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10 January 2023

We rely on the NHS to be there for us in a crisis – but it is caught in a crisis of its own

Behind every 999 call is an understanding that someone will help when we are helpless – but that trust is now broken.

By Anoosh Chakelian

One December evening in 2019 I was walking home along a main road in east London when I had to call 999 for the first time. I heard a thump and saw – with an eerie delay, like seeing a firework before you hear it – a woman hit by a double-decker bus. People rushed towards her (she was pinned beneath the bus) and I stammered answers to the voice at the end of the line. After two minutes a rapid-response car arrived and veered on to the pavement. The woman’s condition was critical but, as I was reassured in an unexpected call from the emergency services a few days later, she had been reached on time.

Reporting on the story of ambulance delays and A&E failings across Britain for the past year and more, I’ve often thought about that night in London. Paramedics would class it as a “cat one”: the most life-threatening incident, which they must reach within seven minutes. Today, people in many areas of Britain wait longer than 15 minutes in such cases – if they are reached at all. The headline “NHS crisis”, dismissed over consecutive winters as a media cliché, now encapsulates a flatlining emergency service. Ill children sleep on waiting-room chairs; a 92-year-old woman “asked to die” during 33 hours spent in a corridor; an A&E patient waited for four days on a gurney. One doctor in the north-west of England told me she is assigned corridors as she is ward rounds.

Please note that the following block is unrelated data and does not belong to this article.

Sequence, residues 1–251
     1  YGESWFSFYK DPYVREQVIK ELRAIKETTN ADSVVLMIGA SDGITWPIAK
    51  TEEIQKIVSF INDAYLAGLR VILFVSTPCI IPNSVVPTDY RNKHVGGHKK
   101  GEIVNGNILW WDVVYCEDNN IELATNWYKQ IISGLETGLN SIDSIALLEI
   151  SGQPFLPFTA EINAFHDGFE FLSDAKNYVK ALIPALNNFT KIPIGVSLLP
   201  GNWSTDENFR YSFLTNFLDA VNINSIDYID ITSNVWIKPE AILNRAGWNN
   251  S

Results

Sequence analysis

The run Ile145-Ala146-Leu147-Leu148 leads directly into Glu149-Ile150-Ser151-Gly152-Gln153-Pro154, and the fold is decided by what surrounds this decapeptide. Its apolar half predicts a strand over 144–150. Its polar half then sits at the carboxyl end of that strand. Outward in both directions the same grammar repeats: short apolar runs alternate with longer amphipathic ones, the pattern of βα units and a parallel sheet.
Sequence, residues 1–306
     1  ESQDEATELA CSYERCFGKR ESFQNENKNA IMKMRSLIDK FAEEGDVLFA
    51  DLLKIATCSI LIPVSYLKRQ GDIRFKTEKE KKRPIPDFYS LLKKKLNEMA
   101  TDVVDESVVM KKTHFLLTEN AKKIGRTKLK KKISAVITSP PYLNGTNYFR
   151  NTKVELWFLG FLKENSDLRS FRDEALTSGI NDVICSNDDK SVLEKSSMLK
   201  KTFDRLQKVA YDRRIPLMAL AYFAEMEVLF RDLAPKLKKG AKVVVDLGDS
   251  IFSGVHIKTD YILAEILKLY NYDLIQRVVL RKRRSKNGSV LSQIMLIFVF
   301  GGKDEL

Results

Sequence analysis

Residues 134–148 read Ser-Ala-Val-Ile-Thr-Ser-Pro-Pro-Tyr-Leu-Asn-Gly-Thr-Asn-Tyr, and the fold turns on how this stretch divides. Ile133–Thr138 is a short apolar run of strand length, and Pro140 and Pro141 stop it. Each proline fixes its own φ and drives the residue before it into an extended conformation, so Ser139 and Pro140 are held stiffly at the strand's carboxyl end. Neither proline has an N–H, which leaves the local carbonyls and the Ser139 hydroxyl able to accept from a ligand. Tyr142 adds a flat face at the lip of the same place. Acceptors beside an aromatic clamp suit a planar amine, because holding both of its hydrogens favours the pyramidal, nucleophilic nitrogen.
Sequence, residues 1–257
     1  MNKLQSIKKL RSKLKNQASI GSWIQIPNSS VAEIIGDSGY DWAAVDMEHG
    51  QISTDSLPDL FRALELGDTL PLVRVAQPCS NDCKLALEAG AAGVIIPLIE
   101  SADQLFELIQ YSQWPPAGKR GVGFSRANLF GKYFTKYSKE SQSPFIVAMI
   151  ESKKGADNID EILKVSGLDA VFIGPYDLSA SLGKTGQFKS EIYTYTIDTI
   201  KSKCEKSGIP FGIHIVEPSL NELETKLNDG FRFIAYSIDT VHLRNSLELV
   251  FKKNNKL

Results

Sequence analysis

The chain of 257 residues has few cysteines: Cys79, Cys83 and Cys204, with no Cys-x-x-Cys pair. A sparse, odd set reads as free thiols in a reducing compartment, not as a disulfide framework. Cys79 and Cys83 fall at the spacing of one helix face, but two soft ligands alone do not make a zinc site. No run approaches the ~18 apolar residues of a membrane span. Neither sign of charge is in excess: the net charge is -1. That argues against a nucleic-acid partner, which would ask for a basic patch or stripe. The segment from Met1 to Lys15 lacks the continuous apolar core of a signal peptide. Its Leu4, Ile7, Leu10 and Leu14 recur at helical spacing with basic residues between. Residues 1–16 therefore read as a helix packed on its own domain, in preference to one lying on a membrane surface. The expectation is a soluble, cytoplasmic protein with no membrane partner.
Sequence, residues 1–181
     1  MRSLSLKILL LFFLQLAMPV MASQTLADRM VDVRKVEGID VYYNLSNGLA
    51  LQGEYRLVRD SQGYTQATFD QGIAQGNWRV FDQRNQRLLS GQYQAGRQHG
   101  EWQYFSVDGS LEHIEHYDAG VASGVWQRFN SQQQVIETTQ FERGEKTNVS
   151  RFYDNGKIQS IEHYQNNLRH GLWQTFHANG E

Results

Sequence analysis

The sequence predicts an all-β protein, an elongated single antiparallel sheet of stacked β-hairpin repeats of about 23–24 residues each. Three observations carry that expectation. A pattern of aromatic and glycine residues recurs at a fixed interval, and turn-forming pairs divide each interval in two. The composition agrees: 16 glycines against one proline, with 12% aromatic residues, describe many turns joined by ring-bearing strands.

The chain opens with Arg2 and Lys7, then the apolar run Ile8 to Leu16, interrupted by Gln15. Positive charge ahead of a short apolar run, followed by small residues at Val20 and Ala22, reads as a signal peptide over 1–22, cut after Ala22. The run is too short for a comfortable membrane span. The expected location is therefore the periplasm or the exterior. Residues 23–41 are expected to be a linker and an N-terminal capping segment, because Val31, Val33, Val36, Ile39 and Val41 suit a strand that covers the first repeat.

While flu and Covid are intensifying the chaos this winter, ambulance waiting times have been rising since early 2021. During lockdown, people without Covid-19 avoided hospital; diseases were missed, conditions grew worse. In the New Statesman, we called them the “missing patients”. Now, they are turning up: the number of 999 calls is rocketing, and people are sicker than they might have been had they presented earlier. “The patients are quite different,” observed an emergency doctor at a London hospital, noting that some are being diagnosed with stage-four cancer for the first time in A&E.

By November 2021 I was already hearing alarming stories. Sarah-Jane, a parent in rural Cornwall, called 999 when her epileptic two-year-old began having a fit. Fifteen minutes passed as she stood in the road, listening for a siren – only to be told no ambulance was free. When her daughter last suffered seizures, she was “blue-lighted” to hospital and resuscitated. This time, Sarah-Jane had to drive her daughter to the hospital herself: a 35-minute journey when at any moment she might have to attempt roadside CPR. “When they said ‘No one’s coming’ my heart was thumping in my chest,” she told me at the time. “It’s every parent’s worst nightmare.”

[See also: The SNP has no one but itself to blame for the Scottish NHS crisis]